tv CBS Evening News With Scott Pelley CBS November 24, 2015 5:30pm-6:01pm PST
bay artist. the gun used was stolen from a federal agent. see you at 6:00. shot down after it strays into turkey. >> turkey, like every country, has a right to defend its territory and its airspace. >> pelley: also tonight, a warning about a copycat terror attack in the u.s. > don't be afraid. be aware. >> pelley: a white chicago police officer is charged with murdering a black teenager. and the nation's highest civilian honor is presented to a group of great americans from yogi berra-- >> it ain't over till it's over. >> pelley: to james taylor. captioning sponsored by cbs this is the "cbs evening news" with scott pelley. >> pelley: this is our western edition. the incident has major implications for the war on isis and peace in europe. the head of nato is calling for
calm tonight after turkey shot down a russian warplane killing at least one of two pilots. it is the first time the north atlantic alliance has downed a russian or soviet plane since the 1950s. russian president putin insists the plane was in syrian airspace, but the turks released this radar image, which they say shows the path of the plane, that dotted red line, as it briefly entered turkey. holly williams begins our coverage. >> reporter: turkey says the russian warplane strayed over a mile into the airspace. after 10 warnings without a response, a turkish fighter jet shot it down. this video is thought to show its fiery descent, crashing down in northwest syria. turkey says this radar map shows where the aircraft briefly crossed over, but russia denies the plane ever left syrian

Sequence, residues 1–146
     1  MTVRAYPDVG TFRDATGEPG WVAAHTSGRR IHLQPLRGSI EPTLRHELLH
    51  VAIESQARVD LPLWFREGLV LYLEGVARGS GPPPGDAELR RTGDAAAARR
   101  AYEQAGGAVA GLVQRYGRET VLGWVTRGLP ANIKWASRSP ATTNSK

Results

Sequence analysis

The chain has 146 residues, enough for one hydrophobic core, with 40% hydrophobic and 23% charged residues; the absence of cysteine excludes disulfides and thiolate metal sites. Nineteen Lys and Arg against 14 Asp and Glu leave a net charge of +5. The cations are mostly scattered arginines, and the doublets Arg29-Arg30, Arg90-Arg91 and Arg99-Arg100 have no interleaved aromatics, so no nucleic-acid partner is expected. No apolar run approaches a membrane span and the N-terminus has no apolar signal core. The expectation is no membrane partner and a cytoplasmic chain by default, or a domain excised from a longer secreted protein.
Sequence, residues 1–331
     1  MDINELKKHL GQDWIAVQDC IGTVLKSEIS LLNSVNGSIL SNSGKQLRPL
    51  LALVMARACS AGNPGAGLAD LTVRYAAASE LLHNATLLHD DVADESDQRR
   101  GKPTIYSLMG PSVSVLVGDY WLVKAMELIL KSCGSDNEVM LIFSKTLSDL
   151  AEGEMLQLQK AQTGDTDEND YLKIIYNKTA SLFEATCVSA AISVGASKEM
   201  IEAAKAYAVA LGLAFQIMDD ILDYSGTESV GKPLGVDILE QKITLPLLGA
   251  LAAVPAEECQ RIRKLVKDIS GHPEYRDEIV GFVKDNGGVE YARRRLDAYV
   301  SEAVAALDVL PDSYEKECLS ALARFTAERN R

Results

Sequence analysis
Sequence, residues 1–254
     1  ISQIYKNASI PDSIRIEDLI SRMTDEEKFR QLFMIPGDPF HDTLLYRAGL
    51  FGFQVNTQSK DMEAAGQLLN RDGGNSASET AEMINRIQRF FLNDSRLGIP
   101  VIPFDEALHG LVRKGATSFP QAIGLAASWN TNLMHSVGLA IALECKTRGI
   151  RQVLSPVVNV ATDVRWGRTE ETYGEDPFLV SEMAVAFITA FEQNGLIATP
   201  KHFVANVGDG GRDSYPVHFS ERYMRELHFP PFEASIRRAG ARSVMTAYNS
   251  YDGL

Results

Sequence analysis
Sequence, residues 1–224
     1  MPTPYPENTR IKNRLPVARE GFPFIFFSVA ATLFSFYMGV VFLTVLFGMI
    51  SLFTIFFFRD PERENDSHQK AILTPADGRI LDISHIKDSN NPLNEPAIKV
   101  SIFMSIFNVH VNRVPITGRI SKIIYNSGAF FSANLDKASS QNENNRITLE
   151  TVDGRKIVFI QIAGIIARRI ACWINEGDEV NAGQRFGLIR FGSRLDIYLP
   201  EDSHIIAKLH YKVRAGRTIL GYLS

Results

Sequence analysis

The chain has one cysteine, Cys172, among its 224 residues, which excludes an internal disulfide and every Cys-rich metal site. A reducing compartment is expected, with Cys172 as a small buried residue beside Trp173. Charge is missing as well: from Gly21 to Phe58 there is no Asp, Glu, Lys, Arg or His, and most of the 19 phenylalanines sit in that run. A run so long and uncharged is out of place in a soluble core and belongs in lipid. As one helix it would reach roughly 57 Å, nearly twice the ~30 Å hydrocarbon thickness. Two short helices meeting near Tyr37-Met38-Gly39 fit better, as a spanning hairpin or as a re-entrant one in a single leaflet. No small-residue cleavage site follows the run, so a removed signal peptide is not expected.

airspace, and the visibly angry russian president vladimir putin called turkey's actions a stab in the back, describing the turkish as terrorists' accomplices. turkey had already warned moscow about violating its airspace and says russian planes did so twice in october. a syrian rebel group posted this video, which seems to show the bloody body of one of the russian pilots. the fate of the other pilot is unknown. russia and turkey are on opposite sides of the syrian civil war. turkey, like its ally the u.s., supports the syrian rebels. while russia backs the syrian regime and in september began launching airstrikes.
moscow claims to be targeting isis, but the u.s. says it's also hit so-called moderate rebels because russia's real goal is to prop up syria's dictator, bashar al-assad. there were hopes that russia could be coaxed into cooperating with the u.s. and its allies in the fight against isis, but,nst, now looks even more uncertain. >> pelley: holly williams reporting from istanbul tonight, holly, thanks. david martin reports the shootdown has the potential to draw nato allies into a conflict with russia. >> reporter: from the moment russian warplanes began operating out of that airbase in syria, it was an international incident waiting to happen. russian planes violated turkish airspace on at least two previous occasions, flew within 50 500 feet of american aircraft striking isis targets in syria, and bombed opposition groups supported by the u.s. and its allies. to avoid incidents, a hot line was set up between the russian